In office since 2010 and with the possibility of running for a fifth term, Mark Rutte decided to step aside and in the next few hours he will hand in his resignation to King Willem-Alexander.
Mark Rutte, Prime Minister of the Netherlands since 2010, announced this Friday that he will present his resignation King Guillermo Alejandro in the next few hours for “insurmountable” discrepancies on the strategy to contain the flow of refugees entering the country.
“Tonight, unfortunately, we came to the conclusion that the discrepancies were insurmountable. For this reason, I will soon present my resignation to the King on behalf of the entire government,” Rutte told a press conference.
In addition, the 56-year-old official assured that he still had “energy” to run for a fifth term, but that he had to “reflect” on it first.
Rutte, the longest-serving head of government in the history of the Netherlandsargued that “the government did not reach an agreement on the measures to be adopted to contain the influx of asylum seekers.”
The leader of the center-right People’s Party for Freedom and Democracy (VVD) wanted the other three parties in the government coalition to establish a quota system to limit the number of children from conflict zones eligible for asylum in Netherlands.
His proposal was to restrict the number of reunifications of children with their refugee relatives, already established in the Netherlands, to 200 per month, and he threatened to dissolve the cabinet if his allies did not prove, Dutch media reported.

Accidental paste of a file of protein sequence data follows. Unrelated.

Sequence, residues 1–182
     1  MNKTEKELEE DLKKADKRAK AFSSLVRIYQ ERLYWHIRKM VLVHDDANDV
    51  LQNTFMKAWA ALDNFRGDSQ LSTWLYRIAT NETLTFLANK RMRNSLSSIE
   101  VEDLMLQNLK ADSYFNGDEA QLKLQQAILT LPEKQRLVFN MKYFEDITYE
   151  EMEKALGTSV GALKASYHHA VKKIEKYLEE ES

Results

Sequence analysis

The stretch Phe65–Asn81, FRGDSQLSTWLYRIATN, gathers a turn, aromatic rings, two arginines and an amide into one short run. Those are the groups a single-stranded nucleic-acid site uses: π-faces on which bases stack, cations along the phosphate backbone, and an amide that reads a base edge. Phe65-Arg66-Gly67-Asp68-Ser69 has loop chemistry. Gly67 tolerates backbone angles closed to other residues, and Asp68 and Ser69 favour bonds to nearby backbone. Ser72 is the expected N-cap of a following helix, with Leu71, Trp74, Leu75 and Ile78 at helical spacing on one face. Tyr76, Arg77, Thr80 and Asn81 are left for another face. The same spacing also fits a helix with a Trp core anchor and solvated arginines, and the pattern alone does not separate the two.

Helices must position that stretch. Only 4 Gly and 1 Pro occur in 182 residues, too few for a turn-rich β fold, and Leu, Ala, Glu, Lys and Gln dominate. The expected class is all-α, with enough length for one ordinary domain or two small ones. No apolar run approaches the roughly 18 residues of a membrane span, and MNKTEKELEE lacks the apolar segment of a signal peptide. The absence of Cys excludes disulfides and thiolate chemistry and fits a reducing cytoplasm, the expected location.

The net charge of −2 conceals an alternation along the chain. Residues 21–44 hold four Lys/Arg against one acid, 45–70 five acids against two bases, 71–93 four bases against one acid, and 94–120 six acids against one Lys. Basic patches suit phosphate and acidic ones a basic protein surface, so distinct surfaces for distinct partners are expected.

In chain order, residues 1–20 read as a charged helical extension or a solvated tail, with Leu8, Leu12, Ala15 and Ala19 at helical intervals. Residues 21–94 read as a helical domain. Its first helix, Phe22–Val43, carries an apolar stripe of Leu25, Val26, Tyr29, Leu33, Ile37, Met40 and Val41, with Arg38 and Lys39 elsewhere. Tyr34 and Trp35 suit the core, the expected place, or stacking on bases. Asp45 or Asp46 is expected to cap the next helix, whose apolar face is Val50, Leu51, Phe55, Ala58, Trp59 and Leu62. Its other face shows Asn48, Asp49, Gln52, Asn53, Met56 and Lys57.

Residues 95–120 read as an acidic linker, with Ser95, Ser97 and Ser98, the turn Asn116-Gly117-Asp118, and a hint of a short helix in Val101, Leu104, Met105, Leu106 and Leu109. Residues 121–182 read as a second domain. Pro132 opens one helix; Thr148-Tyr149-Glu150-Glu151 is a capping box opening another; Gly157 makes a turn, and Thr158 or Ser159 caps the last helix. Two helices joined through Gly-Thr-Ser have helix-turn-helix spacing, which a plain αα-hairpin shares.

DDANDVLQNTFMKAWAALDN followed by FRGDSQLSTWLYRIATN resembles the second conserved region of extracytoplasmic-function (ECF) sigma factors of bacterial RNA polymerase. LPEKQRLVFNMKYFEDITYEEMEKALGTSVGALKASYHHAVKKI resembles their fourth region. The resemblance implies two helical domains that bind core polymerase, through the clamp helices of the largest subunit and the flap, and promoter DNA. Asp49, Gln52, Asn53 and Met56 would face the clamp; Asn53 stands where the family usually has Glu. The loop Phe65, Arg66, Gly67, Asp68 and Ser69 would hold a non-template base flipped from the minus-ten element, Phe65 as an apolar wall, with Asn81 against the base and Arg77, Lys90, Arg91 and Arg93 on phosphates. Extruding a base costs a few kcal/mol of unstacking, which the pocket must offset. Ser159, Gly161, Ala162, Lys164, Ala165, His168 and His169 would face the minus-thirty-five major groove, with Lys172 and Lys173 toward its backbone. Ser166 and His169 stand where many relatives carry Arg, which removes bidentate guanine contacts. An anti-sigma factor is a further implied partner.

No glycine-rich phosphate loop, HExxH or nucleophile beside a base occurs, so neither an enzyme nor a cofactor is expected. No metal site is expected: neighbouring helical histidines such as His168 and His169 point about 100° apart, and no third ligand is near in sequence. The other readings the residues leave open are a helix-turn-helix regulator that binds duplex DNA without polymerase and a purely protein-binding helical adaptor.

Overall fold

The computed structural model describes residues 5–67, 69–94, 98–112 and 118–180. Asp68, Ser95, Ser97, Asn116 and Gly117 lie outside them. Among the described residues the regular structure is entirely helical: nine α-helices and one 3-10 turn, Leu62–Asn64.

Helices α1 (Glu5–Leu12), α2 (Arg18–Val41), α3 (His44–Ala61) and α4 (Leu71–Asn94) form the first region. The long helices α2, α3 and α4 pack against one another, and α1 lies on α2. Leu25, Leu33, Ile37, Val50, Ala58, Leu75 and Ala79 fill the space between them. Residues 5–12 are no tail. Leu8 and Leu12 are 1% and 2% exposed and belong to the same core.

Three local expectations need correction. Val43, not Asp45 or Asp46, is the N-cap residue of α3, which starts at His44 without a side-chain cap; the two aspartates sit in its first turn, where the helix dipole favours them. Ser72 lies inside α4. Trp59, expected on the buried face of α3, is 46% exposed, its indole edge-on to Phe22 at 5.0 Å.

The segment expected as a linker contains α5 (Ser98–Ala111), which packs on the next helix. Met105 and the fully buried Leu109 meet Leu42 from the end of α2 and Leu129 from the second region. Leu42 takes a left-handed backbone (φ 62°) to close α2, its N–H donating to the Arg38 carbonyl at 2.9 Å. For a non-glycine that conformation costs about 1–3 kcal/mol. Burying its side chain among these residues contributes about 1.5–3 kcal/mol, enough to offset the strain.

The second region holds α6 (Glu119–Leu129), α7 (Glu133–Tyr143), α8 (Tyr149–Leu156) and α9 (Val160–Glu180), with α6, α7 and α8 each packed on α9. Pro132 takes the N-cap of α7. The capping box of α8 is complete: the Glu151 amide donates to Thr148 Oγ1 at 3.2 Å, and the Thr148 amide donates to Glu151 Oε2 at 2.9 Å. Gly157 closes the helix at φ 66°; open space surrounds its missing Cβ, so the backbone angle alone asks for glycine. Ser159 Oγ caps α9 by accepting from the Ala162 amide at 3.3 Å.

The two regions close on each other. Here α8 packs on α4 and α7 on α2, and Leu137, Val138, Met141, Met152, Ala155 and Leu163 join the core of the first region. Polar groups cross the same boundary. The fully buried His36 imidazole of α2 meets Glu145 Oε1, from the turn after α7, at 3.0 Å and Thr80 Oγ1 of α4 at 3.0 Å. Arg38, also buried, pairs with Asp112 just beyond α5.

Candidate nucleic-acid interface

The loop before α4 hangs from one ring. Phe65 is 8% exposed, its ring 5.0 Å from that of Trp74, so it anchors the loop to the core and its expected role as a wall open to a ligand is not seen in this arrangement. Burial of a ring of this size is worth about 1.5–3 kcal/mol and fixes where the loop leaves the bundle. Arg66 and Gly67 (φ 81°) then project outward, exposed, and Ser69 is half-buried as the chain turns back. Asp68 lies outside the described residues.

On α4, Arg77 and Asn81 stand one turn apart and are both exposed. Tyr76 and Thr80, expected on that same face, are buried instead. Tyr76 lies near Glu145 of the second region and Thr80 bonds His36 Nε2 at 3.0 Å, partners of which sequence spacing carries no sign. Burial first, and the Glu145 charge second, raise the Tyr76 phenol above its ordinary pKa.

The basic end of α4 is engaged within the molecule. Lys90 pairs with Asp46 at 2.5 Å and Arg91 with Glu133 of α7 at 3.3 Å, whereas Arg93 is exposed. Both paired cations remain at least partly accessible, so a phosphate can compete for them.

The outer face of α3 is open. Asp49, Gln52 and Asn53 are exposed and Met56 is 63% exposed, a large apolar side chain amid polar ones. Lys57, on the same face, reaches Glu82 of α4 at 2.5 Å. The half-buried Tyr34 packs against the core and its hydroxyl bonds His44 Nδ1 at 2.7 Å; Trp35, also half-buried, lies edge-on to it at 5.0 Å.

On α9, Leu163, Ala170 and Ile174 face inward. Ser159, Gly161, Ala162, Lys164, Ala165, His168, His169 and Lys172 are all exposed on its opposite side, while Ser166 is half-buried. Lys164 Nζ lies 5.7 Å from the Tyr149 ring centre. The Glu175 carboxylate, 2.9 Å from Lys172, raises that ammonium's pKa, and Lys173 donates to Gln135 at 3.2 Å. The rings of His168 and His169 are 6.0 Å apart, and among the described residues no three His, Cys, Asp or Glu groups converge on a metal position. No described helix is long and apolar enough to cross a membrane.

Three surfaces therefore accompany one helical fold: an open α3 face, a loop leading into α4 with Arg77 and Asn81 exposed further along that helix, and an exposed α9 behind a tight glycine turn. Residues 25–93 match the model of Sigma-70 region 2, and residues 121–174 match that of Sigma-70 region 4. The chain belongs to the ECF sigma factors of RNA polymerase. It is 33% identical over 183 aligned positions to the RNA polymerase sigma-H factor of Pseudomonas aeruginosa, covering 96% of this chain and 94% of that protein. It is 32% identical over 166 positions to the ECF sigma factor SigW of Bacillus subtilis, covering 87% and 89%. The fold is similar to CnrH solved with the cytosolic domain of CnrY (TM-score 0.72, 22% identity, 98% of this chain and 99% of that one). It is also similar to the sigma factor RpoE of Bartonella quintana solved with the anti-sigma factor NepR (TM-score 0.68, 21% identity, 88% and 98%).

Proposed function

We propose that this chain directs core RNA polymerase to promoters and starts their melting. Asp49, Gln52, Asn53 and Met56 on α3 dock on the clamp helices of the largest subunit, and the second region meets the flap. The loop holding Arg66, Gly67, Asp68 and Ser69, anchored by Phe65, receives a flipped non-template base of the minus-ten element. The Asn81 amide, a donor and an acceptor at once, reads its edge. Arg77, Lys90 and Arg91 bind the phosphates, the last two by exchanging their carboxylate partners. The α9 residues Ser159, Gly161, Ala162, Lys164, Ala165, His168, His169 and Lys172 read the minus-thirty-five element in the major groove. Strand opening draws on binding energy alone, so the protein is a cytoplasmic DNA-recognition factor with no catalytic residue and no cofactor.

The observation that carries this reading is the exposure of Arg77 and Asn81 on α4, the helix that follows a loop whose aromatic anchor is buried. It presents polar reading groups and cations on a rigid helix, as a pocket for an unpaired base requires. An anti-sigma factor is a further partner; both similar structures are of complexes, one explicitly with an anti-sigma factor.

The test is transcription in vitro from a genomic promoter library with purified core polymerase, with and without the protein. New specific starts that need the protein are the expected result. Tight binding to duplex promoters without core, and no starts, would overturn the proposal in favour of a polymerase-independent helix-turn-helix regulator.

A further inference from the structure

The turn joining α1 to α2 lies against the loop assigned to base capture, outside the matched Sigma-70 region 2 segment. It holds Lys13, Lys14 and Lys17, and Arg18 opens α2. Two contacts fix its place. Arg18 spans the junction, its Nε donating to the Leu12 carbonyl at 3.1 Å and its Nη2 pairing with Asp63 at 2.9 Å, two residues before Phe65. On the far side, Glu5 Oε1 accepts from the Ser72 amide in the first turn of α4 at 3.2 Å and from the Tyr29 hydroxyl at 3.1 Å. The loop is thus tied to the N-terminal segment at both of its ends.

But the conservative Christian Uni party, which brought Rutte the support of the Protestant electorate in the center of the country, radically opposed that plan. The D66 formation, from the center-left, did not support the initiative either.
Those three parties, along with the centre-right CDA, held negotiations late into the night on Thursday, without reaching a compromise.
Rutte thus ends his fourth term since his first entry into office, in October 2010.
This latest term began in January 2022, with a coalition that took nine months to form after the March 2021 elections. The end of his third term was triggered by a scandal involving family allowances.
According to the local media, Rutte, nicknamed “Teflon” for his cacity for political survival, seeks with the current dissolution of his cabinet to save energy to fight a battle with a wing of his party that defends a tougher line on immigration policy and refugee reception.
The elections to the lower house of the Dutch Parliament, due to be held later this year, will take place in a polarized and divided political landsce: there are 20 parties in the 150-seat lower house.
Similar debates are taking place elsewhere in Europe, as migrants fleeing conflict or seeking a better life make perilous sea journeys from North Africa to reach the continent. Hundreds of thousands of people have also fled the war in Ukraine.
Migration will be a major issue in next year’s European Union parliamentary elections, but the issue hit early in the Netherlands.
Rutte’s coalition tried for months to reach an agreement to reduce the flow of new migrants to this country of nearly 18 million people. The proposals reportedly included creating two classes of asylum – a temporary one for those fleeing conflict and a permanent one for those trying to esce persecution – and reducing the number of family members who can join asylum seekers in the Netherlands.
With information from agencies